You must manually make use of the uninstall actions to undo whatever changes the installation actions made to the user’s system. the actual settings for the background window are taken from the installer’s background window settings. you can have an uninstaller that reflects the look and feel of the original installer. but these can be overridden on a screen-by-screen basis if you desire. during both the installation and uninstallation. Note: Whether or not a background window is shown is controlled from the Uninstall Settings dialog. or you can create an entirely new appearance. However the real power of Setup Factory 7.0. to perform whatever task you desire. and let the uninstaller take care of undoing the changes for you. By manipulating the various properties of each respective screen. 242 Chapter 10 . These are a group of actions that allow you to interact with the uninstall configuration file directly. it is possible to automate some of the uninstallation tasks by making use of the UninstallData actions. you can quickly and easily create an installer to suit most general requirements. combined with a plethora of built-in actions. You can control the look and feel of your uninstaller just as you created your installer by adding. you can use UninstallData actions to modify the uninstall configuration file. the uninstaller will use the theme settings from the installer. Tip: For more information on configuring screens. Uninstall Actions Using Setup Factory 7. The uninstaller uses its own screens. The uninstaller’s background window settings cannot be configured independently. However.0 lies in the ability to use the free-form scripting engine. By default. So instead of adding actions to the uninstall to reverse what your actions did during the installation. please see Chapter 3. It is important to keep in mind that whatever tasks you perform using actions during your installation will not automatically be undone by the uninstaller. With the above in mind.The Uninstall Interface The uninstall user interface can be configured similarly to how the installer was configured. independent of the screens included in the installer. removing and manipulating the screens to be included.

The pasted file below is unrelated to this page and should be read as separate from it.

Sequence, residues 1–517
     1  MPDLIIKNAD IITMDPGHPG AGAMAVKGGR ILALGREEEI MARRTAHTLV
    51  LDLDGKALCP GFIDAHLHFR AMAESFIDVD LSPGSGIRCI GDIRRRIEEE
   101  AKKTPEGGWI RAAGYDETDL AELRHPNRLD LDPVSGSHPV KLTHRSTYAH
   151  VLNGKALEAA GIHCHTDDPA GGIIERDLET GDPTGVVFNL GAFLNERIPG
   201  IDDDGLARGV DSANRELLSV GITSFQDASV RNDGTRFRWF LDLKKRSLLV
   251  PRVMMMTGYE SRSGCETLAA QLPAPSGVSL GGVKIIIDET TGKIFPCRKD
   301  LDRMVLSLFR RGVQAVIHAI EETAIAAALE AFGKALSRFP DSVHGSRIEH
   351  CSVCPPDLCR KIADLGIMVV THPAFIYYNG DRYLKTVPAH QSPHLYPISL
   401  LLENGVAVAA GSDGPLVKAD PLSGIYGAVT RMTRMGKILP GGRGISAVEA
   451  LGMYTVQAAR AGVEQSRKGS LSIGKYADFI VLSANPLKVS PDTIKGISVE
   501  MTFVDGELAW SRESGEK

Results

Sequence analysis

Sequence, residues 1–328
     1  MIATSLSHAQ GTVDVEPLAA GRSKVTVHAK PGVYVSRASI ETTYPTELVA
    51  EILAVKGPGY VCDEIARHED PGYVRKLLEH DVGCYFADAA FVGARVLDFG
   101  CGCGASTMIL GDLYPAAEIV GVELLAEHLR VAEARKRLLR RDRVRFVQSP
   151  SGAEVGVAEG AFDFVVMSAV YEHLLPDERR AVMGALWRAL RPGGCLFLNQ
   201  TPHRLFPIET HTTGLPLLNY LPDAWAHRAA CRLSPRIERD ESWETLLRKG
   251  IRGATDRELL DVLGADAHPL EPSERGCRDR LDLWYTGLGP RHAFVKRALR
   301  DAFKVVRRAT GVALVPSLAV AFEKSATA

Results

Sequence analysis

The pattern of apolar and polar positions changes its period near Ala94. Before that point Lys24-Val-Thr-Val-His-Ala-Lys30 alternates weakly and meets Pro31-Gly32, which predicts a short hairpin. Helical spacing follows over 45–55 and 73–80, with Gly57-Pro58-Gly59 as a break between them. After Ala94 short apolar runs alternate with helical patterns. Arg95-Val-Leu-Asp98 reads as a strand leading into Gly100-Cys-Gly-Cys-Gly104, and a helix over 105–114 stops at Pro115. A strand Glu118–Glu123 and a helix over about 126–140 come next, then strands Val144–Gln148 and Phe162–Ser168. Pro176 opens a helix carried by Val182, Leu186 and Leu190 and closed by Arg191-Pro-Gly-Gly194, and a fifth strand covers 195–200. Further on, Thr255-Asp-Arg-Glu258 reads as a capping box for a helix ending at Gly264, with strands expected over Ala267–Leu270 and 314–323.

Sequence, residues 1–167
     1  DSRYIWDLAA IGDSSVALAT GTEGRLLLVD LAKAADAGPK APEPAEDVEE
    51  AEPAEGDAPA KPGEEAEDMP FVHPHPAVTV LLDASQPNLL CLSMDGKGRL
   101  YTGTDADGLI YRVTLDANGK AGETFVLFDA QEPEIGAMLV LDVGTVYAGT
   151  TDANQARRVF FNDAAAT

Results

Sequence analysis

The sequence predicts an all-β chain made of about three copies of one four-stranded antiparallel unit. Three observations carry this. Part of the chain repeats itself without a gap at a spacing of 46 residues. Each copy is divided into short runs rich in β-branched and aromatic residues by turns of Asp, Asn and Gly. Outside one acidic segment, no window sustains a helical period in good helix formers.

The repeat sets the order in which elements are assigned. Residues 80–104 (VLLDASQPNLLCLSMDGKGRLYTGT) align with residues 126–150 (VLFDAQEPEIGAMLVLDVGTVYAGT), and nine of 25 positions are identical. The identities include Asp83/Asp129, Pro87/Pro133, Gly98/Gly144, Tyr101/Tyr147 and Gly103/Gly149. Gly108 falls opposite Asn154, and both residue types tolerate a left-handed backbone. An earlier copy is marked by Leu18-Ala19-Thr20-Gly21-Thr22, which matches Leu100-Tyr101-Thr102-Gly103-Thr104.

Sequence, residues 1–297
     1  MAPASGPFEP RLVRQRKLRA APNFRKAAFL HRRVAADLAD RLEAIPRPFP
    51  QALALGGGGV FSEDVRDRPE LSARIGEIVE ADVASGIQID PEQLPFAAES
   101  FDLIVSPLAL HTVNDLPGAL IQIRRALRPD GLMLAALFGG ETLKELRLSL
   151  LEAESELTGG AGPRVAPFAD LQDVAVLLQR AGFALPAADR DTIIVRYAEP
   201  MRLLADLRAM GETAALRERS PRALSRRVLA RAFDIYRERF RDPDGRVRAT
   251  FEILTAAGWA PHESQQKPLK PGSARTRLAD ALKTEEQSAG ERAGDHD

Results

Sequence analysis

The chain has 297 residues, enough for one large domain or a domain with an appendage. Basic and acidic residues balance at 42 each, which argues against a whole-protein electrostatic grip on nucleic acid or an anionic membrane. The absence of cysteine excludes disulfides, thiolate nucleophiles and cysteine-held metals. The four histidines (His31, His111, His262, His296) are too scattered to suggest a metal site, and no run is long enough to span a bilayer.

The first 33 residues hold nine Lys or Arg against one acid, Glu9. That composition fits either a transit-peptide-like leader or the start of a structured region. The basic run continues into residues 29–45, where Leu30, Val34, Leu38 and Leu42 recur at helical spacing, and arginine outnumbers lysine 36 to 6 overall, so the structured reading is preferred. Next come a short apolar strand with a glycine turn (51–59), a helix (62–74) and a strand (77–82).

The command reference is also an excellent resource for learning about actions and the action wizard. This event is one of the first things that occurs and is your first chance to make anything happen in your uninstallation. Tip: For more information on actions and how to work with them. These events are accessible by choosing Actions from the Uninstall menu.0 uninstallation. This makes it a good place to perform pre-uninstallation tasks. see Chapter 4. This lets you keep the actions that undo your changes near the actions that made the changes in the first place. Uninstall Events As with the installer. Uninstall 243 . making it much less likely that you’ll forget to update the uninstall actions whenever the install actions change. there are four uninstall project events: On Startup. The On Pre Uninstall event is triggered just before the uninstallation enters the uninstall phase and begins uninstalling files from the end user’s computer.One advantage of this is that it allows you to put your “undo” actions in the installer. The On Startup event is the first event that is triggered in a Setup Factory 7. such as making sure the end user is positive that they want to uninstall. and On Shutdown. On Pre Uninstall. This event is fired right after the last screen in the Before Uninstalling screen stage is displayed. On Post Uninstall. The On Startup event occurs before any screens are displayed. instead of in the uninstaller. It is up to you to decide where to place your actions based on the task that the actions are performing.